The student news site of The Harker School.

Harker Aquila

The student news site of The Harker School.

Harker Aquila

The student news site of The Harker School.

Harker Aquila

Winged Post

This I Believe: Measured in moments

Katerina and her grandfather Farid Matta pose at the Valley of the Kings. The tombs are one of the most famous attractions in Luxor, Egypt. (Katerina Matta)

Beads of sweat dot our brows as my grandmother and I labor over a pot of tabikh, a classic Egyptian stew made primarily from meat, tomatoes and a vegetable called bamia. I insisted on learning to make the dish, one of my favorites, but almost regret that now as my grandma peers calculatingly into the pot before casually throwing in yet another dollop of tomato paste. Frantically, I reach for my pen and paper, where I have been trying and failing to write down her recipe, and desperately ask her how much she added. She only responds, “I never measure. I have been making this since my youth. By now, I just know.” 

Somehow, my grandmother always “just knows.” Her dishes result in perfection without fail, ready to be enjoyed every Saturday night at our weekly family dinners at my grandparents’ house. We talk and laugh over steaming plates piled high with piping hot golubtsii, cabbage rolls, or freshly grilled shish kebab, beef skewers. We swap our stresses and complaints for a fork and knife, calmed by the comforting aromas wafting through the house. Conversation flows easily and continues late into the night, to the point where my father has to remind me to go home and do my homework.

Our shared meal is always the highlight of my week, not just for the delicious food, but also because of the precious time I am blessed to spend with my family, a space so incredibly nurturing and full of love. My fondest memories consist of these moments, from the times my grandma laughed so hard over her own mispronunciations that she cried to every impromptu history lesson from my grandpa. 

A spice vendor glows in the twilight in Aswan, Egypt. Aswan, a southern Egyptian city, houses the famous Aswan Dam. (Katerina Matta)

As my sister and I grow older, these dinners will inevitably lessen in frequency. My sister headed to college last year, and I will soon follow. I am reluctant to think of the meals and moments with my grandparents that I am bound to miss. However, every Saturday has blessed me with memories I will cherish forever and that itself proves invaluable.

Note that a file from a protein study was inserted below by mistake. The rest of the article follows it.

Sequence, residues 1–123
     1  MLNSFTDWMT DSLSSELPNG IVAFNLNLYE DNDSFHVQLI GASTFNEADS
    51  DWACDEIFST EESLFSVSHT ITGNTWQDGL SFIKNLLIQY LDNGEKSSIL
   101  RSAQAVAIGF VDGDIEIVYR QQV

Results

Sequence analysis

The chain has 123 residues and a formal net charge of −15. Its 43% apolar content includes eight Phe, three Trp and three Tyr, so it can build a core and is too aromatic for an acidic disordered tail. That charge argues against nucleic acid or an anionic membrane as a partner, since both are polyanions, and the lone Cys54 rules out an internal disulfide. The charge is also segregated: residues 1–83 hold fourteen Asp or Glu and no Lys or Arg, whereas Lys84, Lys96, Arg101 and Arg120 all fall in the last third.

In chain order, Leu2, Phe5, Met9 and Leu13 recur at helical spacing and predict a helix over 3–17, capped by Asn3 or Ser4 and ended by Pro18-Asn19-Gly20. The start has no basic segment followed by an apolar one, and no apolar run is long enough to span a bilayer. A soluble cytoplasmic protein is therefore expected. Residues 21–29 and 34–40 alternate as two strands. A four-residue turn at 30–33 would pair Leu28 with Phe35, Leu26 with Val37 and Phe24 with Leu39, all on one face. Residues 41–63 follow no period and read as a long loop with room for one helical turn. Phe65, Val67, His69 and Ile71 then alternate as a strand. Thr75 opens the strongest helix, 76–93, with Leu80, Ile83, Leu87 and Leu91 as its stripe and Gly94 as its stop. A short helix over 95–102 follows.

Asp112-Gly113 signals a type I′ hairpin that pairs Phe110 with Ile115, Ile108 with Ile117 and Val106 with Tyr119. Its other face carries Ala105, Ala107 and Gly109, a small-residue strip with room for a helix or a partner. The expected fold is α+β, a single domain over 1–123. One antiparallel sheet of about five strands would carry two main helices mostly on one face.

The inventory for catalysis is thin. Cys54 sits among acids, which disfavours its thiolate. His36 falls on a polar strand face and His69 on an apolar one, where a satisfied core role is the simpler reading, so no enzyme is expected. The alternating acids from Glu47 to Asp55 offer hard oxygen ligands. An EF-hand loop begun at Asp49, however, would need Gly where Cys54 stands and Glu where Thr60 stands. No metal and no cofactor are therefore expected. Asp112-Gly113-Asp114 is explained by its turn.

Now, lacking my grandma’s expertise, I flounder to make tabikh at home. The meat is always too tough or too tender but never just right, the bamia swapped for whatever vegetable I have on hand, and I rely on plastic measuring cups to dole out the tomato paste. But I have learned that the stew doesn’t need to have the perfect acidity or texture to be authentic tabikh. Instead, I believe food is less about its taste and more about the memories made while creating or consuming it. 

When I eat basbousa, I focus less on the sweet coconut cake and instead recall rare but treasured visits from my extended family, when one of my dad’s aunts in particular always took care to prepare the treat. Memories of goofily attempting to flip crepes in the pan with my grandpa while my grandma gently chastises us fill my head with each bite of tart cherry blini c’varyenim. Steaming borscht reminds me of winter nights spent huddled together at the dinner table, souls and bodies warmed by the delicious beet concoction. The taste is infinitely more enriched by these memories than it could be by any ingredient, the love associated with each dish more impactful than the most flavorful spice.

Plates of traditional Egyptian foods like molokhiya and kofta cover the table. Molokhiya is a green soup made of jute leaves, while kofta is a type of kabob made from minced beef and lamb. (Katerina Matta)

One day, when I have grandchildren of my own, I anticipate that my culinary skills will have progressed to the no-measurement stage, having honed my own instincts after many years of experience. I hope to cultivate the same memories that my grandparents did in my own grandchildren, for them to access the same feeling of unconditional love and comfort in each dish I prepare. If they ever ask me my secret, guarded and then unlocked generation after generation, I will smile and knowingly repeat, “You just know.”

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About the Contributor
Katerina Matta
Katerina Matta, Co-Sports Editor
Katerina Matta (11) is the co-sports editor for Harker Aquila and the Winged Post, and this is her third year on staff. This year, Katerina aims to expand sports features and diversify game coverage. In her free time, she enjoys playing beach volleyball and reading.

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